The overall goal of this proposal is to support the principal investigator, Dr. Daniel Westreich, in becoming a leading health scientist in the study of pregnancy among HIV+ women in sub-Saharan Africa, with a particular focus on the effect of pregnancy on response to highly active antiretroviral therapy (HAART) in South Africa. Prevalence of HIV among pregnant women in South Africa is substantially higher than that among other adults. While responses to antiretroviral therapy during and after pregnancy with respect to issues of prevention of mother to child transmission of HIV, little is known about the effect of pregnancy itself on responses to therapy. Understanding the effect of pregnancy on maternal responses to HAART is essential to providing good clinical care to HIV+ women in Africa and elsewhere. To address these questions, this work proposes to examine the effect of pregnancy (both pregnancy present at time of initiation of therapy, and pregnancy which occurs after the initiation of therapy) on virologic responses to HAART, adherence to HAART, retention in care, immunologic responses to HAART, and clinical (AIDS/death) responses to HAART. Because it is impossible (and highly unethical) to randomize the exposure of pregnancy, this study will rely on high quality clinical data collected in the Themba Lethu Clinic in Johannesburg, South Africa, an urban antiretroviral therapy clinic associated with the Clinical HIV Research Unit at the University of the Witwatersrand. The Principal Investigator of the proposed work, Dr. Daniel Westreich, has a strong track record in producing high quality research in collaboration with investigators and clinicians at the Clinic. The analysis of these data will require the use of structural models, an advanced body of epidemiologic methods. Thus, during the mentored phase of this award, Dr. Westreich will work with Mentor Dr. Stephen R. Cole, an internationally recognized authority on structural models, to acquire these skills and to evaluate the effect of pregnancy on maternal virologic responses to HAART. This training will take place in the Department of Epidemiology at The University of North Carolina at Chapel Hill, an internationally renowned center of excellence in epidemiologic and public health research. Building on this training and experience, during the independent phase of the award Dr. Westreich will lead investigations to evaluate the impact of pregnancy on retention in care and adherence to HAART, and on immunologic and clinical responses to HAART. This work will answer a suite of key substantive questions around the impact of pregnancy on response to HAART in South Africa. In doing so, this work will dramatically increase the base of scientific and public health evidence on this important subject, most likely in a way which is generalizable to much of sub-Saharan Africa. In addition, this work and training will help Dr. Westreich develop as a health scientist, giving him expertise in the application of structural models and other epidemiologic methods for quantitative causal inference in complex longitudinal data.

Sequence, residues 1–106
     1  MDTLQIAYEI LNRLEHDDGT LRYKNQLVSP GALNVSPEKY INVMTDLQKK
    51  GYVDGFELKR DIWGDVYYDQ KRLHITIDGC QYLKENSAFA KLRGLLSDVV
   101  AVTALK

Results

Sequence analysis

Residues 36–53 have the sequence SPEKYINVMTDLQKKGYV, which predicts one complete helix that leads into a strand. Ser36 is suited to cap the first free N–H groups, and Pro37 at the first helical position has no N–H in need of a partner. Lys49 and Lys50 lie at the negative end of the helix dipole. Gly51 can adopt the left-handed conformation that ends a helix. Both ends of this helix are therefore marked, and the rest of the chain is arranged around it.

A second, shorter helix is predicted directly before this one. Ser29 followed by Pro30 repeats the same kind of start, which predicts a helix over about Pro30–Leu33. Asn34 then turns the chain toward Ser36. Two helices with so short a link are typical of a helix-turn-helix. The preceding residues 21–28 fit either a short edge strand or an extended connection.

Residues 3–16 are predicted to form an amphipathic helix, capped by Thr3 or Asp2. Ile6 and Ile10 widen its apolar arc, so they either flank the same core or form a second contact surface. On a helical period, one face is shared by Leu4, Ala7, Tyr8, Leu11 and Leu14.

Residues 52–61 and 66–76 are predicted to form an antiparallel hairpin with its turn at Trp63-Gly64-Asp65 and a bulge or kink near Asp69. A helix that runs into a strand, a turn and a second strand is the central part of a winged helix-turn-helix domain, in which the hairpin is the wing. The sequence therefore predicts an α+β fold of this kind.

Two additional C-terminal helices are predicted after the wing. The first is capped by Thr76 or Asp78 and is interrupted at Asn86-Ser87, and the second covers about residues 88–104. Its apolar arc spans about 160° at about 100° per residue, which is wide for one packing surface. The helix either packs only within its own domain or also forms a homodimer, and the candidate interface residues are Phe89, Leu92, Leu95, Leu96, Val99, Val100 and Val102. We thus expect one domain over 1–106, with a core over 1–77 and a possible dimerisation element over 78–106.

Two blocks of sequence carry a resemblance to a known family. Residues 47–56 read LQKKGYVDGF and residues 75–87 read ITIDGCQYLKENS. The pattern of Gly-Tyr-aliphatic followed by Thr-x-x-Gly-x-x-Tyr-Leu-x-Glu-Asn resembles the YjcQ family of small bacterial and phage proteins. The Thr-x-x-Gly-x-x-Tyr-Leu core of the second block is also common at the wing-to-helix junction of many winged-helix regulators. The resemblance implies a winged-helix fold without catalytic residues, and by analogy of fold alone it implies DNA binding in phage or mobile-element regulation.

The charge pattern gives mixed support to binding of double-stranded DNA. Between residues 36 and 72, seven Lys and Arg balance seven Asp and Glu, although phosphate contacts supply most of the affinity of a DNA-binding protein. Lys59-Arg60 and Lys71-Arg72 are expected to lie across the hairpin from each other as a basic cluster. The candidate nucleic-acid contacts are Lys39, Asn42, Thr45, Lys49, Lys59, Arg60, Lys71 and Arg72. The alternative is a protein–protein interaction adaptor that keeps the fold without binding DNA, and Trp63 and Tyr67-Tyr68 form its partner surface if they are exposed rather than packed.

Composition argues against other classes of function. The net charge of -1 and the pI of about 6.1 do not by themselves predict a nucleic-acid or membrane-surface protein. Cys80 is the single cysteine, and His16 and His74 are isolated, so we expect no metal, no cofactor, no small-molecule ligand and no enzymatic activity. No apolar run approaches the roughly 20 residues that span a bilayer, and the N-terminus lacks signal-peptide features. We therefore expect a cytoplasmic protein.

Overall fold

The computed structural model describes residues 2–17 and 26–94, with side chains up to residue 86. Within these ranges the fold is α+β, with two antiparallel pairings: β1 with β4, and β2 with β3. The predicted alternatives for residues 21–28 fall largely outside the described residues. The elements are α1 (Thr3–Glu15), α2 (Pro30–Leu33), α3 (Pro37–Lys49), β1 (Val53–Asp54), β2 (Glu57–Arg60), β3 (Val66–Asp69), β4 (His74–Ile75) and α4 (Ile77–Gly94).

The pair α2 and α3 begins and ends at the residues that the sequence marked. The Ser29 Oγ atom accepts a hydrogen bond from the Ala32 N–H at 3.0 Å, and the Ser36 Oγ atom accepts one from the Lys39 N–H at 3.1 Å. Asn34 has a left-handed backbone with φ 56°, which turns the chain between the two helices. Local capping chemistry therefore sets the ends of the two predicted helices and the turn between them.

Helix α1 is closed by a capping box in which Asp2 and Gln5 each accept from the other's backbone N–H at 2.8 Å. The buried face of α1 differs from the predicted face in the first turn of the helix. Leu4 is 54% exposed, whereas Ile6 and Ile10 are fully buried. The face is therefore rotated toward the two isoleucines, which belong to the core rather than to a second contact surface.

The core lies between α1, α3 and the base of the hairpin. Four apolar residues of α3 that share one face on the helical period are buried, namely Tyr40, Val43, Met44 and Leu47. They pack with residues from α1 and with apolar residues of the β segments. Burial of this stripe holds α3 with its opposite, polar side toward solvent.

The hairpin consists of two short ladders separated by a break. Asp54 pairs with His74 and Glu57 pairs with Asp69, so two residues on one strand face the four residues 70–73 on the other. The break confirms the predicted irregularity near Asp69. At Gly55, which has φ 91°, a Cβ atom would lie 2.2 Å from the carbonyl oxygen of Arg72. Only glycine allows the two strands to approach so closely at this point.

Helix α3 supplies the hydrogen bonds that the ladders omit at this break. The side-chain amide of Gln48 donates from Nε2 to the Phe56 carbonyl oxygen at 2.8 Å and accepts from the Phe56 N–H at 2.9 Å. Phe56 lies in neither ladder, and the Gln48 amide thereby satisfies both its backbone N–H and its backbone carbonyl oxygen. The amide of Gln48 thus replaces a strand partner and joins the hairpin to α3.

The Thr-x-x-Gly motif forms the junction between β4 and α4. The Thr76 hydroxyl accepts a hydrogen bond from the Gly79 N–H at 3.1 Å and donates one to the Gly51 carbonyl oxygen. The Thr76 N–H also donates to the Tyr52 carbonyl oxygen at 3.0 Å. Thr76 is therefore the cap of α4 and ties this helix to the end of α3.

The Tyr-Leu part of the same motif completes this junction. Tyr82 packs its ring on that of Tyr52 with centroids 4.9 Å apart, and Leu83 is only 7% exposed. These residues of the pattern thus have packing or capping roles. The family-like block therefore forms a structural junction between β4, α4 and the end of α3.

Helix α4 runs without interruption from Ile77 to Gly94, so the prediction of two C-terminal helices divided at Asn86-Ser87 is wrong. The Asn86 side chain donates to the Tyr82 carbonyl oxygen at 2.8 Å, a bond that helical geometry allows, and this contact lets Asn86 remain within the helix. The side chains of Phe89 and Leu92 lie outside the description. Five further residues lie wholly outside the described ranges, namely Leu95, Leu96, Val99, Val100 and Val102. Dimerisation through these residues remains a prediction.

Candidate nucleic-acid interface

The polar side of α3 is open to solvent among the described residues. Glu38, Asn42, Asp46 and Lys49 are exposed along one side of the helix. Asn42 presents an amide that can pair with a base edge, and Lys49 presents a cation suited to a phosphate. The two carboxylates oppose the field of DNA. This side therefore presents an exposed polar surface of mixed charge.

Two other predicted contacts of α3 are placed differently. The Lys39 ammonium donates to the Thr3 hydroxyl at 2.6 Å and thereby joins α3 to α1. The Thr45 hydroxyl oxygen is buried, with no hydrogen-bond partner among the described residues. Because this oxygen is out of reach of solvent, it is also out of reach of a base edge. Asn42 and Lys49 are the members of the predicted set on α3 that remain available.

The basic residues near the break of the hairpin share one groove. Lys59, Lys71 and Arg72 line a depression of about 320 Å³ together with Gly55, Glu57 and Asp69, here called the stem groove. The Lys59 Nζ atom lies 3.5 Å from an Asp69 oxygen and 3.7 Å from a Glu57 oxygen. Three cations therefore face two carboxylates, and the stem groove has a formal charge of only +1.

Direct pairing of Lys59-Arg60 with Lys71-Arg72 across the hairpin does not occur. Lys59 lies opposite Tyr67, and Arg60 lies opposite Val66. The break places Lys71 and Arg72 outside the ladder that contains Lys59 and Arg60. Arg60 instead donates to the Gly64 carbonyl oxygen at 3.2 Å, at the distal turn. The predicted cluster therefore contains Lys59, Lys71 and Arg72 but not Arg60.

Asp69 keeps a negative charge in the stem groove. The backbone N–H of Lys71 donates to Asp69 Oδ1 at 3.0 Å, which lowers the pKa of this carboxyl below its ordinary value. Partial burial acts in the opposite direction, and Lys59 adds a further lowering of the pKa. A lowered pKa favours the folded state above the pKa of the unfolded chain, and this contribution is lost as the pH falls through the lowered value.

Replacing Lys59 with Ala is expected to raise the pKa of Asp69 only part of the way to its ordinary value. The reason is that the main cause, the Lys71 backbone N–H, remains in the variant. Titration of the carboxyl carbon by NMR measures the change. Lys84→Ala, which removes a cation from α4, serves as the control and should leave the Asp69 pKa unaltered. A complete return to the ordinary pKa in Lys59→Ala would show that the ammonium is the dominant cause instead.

Despite extremely high prevalence of HIV among pregnant women in sub-Saharan Africa, little is known about the specific effect of pregnancy on response to highly active antiretroviral therapy in that region. This study will evaluate the effect of pregnancy at time of initiation of therapy and pregnancy occurring after the initiation of therapy on virologic, immunologic, and clinical responses to antiretroviral therapy, as well as on retention in care and adherence to antiretroviral therapy. We will evaluate these effects through the application of advanced epidemiologic methods (structural models) to high quality clinical data collected in the Themba Lethu Clinic in Johannesburg, South Africa, an urban antiretroviral therapy clinic associated with the Clinical HIV Research Unit at the University of the Witwatersrand.
|Maskew, Mhairi; Brennan, Alana T; Westreich, Daniel et al. (2013) Gender differences in mortality and CD4 count response among virally suppressed HIV-positive patients. J Womens Health (Larchmt) 22:113-20|
|Westreich, Daniel; Cole, Stephen R; Young, Jessica G et al. (2012) The parametric g-formula to estimate the effect of highly active antiretroviral therapy on incident AIDS or death. Stat Med 31:2000-9|
|Firnhaber, Cynthia; Westreich, Daniel; Schulze, Doreen et al. (2012) Highly active antiretroviral therapy and cervical dysplasia in HIV-positive women in South Africa. J Int AIDS Soc 15:17382|
|Westreich, Daniel; Cole, Stephen R; Schisterman, Enrique F et al. (2012) A simulation study of finite-sample properties of marginal structural Cox proportional hazards models. Stat Med 31:2098-109|
|Naimi, Ashley I; Cole, Stephen R; Westreich, Daniel J et al. (2011) A comparison of methods to estimate the hazard ratio under conditions of time-varying confounding and nonpositivity. Epidemiology 22:718-23|
|Westreich, Daniel; Cole, Stephen R; Funk, Michele Jonsson et al. (2011) The role of the c-statistic in variable selection for propensity score models. Pharmacoepidemiol Drug Saf 20:317-20|
|Westreich, Daniel; Cole, Stephen R; Nagar, Shashi et al. (2011) Pregnancy and virologic response to antiretroviral therapy in South Africa. PLoS One 6:e22778|
|Howe, Chanelle J; Cole, Stephen R; Westreich, Daniel J et al. (2011) Splines for trend analysis and continuous confounder control. Epidemiology 22:874-5|